How can I avoid getting Ebola?

Alan R. Pope, MD
Pulmonary Disease
To avoid getting Ebola, wash your hands frequently, avoid contact with people who have Ebola, and call your doctor with any questions about your health. The vast majority of Americans won't come in contact with Ebola. The Centers for Disease Control and Prevention (CDC) has issued a travel advisory recommending against non-essential travel to Guinea, Liberia and Sierra Leone. If you are traveling to West Africa, check with the U.S. Department of State about avoiding facilities where people with Ebola are being treated.

Travelers returning from Africa are checked for symptoms at the airport and tracked for 21 days by local health departments. Monitor your health by taking your temperature daily and seek medical attention immediately if you develop a fever or other symptoms.
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Please note, the information contained on this website is provided to supplement the care provided by your physician. It is not intended to be a substitute for professional medical advice. Always seek the advice of a qualified health care provider if you have questions regarding your medical condition or before starting any new treatment. In the event of a medical emergency always call 911 or proceed to your nearest emergency care facility.
Dr. Mehmet Oz, MD
Cardiology (Cardiovascular Disease)
What are the best ways to protect yourself against Ebola? Watch as Dr. Oz explains how knowledge is the best tool.
Dr. Darria Long Gillespie, MD
Emergency Medicine
The best way to avoid exposing yourself to Ebola is to stay away from countries where it is an epidemic,  as well as people who have Ebola. This is why people who travel to those countries or caregivers are at the highest risk. If you have a loved one or anyone you know that is in this risk group for Ebola, make sure that they are monitoring themselves for symptoms and reporting any concerning signs or symptoms to the State Department of Health.  
Keith Roach, MD
Internal Medicine
The best way to avoid getting ebola is to not get exposed in the first place, which includes not traveling to West Africa. Fortunately, in the U.S. the likelihood of being exposed to Ebola is almost zero. The widespread concern stems from just a few high-profile cases of people who have come to the United States with Ebola, and unfortunate cases where proper protective mechanisms weren't put into place early enough and led to people becoming ill.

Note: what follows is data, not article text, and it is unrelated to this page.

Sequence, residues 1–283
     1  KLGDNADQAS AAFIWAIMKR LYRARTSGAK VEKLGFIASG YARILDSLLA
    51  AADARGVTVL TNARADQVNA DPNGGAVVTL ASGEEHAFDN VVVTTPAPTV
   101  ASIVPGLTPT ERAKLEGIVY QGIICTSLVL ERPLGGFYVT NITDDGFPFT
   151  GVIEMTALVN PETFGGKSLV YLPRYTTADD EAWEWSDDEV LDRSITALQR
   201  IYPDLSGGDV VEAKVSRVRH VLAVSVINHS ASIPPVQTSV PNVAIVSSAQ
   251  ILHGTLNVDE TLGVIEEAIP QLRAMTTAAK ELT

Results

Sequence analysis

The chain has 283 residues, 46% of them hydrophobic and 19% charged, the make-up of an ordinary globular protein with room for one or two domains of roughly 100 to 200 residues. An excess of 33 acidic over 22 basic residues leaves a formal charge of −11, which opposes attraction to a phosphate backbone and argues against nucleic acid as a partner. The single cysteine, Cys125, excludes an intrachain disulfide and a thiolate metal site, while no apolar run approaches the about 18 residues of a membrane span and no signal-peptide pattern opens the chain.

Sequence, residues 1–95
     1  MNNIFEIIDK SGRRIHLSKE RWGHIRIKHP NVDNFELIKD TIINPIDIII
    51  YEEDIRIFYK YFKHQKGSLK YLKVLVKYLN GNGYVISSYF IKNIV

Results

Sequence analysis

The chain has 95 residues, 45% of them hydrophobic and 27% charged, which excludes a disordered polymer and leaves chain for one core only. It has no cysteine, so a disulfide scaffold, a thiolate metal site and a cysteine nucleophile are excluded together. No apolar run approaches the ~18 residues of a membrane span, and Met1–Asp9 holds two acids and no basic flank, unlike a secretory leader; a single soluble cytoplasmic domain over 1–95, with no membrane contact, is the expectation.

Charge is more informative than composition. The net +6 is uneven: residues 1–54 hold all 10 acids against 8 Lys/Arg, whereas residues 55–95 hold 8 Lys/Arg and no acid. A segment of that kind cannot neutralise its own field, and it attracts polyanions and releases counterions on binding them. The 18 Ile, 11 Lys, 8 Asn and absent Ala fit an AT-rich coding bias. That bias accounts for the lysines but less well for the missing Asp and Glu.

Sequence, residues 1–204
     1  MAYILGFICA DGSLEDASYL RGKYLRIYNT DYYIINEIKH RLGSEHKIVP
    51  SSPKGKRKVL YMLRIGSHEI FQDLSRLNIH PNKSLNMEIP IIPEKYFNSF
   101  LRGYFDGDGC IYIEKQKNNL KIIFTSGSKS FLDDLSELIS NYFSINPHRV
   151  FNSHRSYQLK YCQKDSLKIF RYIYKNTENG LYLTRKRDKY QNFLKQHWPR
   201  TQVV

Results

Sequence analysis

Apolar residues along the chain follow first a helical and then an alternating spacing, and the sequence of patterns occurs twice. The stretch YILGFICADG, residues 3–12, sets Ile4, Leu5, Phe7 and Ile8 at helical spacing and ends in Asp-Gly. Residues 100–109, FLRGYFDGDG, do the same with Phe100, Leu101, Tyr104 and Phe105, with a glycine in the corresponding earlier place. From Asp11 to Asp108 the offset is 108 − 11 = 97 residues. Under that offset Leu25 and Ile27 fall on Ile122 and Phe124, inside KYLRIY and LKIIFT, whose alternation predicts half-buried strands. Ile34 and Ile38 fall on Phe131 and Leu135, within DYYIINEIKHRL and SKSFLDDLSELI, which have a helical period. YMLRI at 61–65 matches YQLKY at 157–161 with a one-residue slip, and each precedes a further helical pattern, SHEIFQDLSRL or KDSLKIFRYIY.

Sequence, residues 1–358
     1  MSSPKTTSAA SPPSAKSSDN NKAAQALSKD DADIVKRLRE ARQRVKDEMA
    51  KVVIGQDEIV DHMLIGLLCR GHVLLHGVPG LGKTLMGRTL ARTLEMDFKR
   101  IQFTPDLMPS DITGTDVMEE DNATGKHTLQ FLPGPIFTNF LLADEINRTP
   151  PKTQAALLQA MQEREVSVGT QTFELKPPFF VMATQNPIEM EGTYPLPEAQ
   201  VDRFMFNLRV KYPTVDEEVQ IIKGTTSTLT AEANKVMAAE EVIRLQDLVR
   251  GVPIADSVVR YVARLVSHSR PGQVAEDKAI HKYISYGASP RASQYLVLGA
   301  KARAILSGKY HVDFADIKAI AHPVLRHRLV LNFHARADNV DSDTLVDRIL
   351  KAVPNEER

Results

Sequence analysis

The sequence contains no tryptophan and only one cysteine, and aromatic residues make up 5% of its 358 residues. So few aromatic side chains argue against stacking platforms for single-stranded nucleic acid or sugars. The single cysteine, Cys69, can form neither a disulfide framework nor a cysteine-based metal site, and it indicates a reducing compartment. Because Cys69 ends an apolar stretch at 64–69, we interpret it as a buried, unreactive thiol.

You can take several precautions to help prevent Ebola. When traveling, check for any Ebola outbreaks in the countries where you are staying. You can contact the Centers for Disease Control and Prevention (CDC) to obtain information about recent Ebola outbreaks. If you visit an area where there is an Ebola outbreak, avoid contact with infected people. Health care workers need to strictly follow safety precautions when caring for people who are infected with Ebola.

Continue Learning about Ebola



Ebola virus disease is a severe, often fatal illness in humans. It is caused by a family of viruses that originate in central and west Africa. The disease is rare and occurs in sporadic outbreaks. Ebola is spread through direct co...

ntact with the bodily fluids of infected individuals or objects, such as needles or bedsheets, that have been contaminated with the virus. Your risk of contracting Ebola is very low unless you visit an area where it is widespread. There are no approved treatments for the disease, but some experimental treatments have shown promise. Vaccines are currently under development.

Important: This content reflects information from various individuals and organizations and may offer alternative or opposing points of view. It should not be used for medical advice, diagnosis or treatment. As always, you should consult with your healthcare provider about your specific health needs.